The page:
Can Beggars Be Choosers?

Can Zambia's aid rejection ever be justified?

Can Beggars Be Choosers? Zambia's decision to reject American GM food aid has been heavily criticized by the international community. However, at a time when Europe continues to shun GM products, we ask why Zambia's position shouldn't be respected.
"See how we're suffering. We can't survive," despairs a villager from Kazungula. "Help me quickly. I'm begging." His children have not eaten for days and local grain stores contain nothing but grass. However 14,000 tons of rejected GM maize is currently sitting in warehouses across Zambia. The government complains that this grain is unsafe for consumption and that it is being bullied to accept it to suit foreign agendas. There are genuine concerns that GM aid will enter the food cycle, making it impossible to export grain to Europe. "Look at all our varieties [of grain]. It's so nice. All of this will be wiped out through GMO," claims Mundia Sikatana, Minister for Agriculture in Zambia. "If Zambia accepts GMO maize as food aid, it has no reason later to say no to GM maize," reasons aid worker Neth Daqo. She believes that "this effort to twist the arm of Africa to accept GMO maize in the form of food aid is America's way to find a niche for all this flood of GM maize." Matters were not helped when initial concerns were rebuffed by the WFP on the grounds that they had been donating GM aid to Zambia for the past seven years - something that was news to the government. However the situation is getting desperate for 2.5 million Zambians. Recently, a group of armed citizens broke into a warehouse and stole sacks of GM grain. Mary joined in the raid to feed her eight children but is racked with guilt over the possible consequences of her actions. "We are scared the maize we took was poison. Even if it's poison, we've eaten it. What can we do?"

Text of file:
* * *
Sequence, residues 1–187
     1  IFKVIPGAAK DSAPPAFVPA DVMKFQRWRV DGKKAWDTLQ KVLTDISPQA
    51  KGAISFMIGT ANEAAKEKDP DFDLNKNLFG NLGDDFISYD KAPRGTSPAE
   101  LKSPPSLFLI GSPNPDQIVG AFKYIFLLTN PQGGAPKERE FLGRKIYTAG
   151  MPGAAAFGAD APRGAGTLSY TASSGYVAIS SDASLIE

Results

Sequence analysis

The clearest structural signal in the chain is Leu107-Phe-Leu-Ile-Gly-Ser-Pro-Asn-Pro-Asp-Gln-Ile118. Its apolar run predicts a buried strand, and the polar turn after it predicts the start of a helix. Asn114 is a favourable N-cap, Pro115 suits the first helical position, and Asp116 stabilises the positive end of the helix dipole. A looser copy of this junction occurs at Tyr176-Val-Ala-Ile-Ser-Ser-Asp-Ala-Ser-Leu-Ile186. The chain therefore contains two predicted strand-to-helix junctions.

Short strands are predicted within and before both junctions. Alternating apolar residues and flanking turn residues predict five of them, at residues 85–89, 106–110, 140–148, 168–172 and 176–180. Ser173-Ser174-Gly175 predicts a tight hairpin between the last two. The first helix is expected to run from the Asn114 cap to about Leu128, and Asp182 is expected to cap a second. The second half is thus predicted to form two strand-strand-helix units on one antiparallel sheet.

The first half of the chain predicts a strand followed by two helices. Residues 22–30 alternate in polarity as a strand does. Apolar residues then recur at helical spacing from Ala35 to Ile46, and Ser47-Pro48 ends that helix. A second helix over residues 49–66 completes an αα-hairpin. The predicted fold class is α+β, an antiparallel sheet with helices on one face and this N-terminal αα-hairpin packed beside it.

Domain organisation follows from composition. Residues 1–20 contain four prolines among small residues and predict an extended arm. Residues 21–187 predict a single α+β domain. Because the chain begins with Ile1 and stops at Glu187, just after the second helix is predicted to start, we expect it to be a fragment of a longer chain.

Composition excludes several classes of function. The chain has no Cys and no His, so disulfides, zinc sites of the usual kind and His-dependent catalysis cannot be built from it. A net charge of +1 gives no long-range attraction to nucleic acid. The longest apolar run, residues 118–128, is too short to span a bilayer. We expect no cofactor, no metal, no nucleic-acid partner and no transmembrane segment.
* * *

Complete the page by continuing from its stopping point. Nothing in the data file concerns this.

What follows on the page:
Produced by SBS Australia

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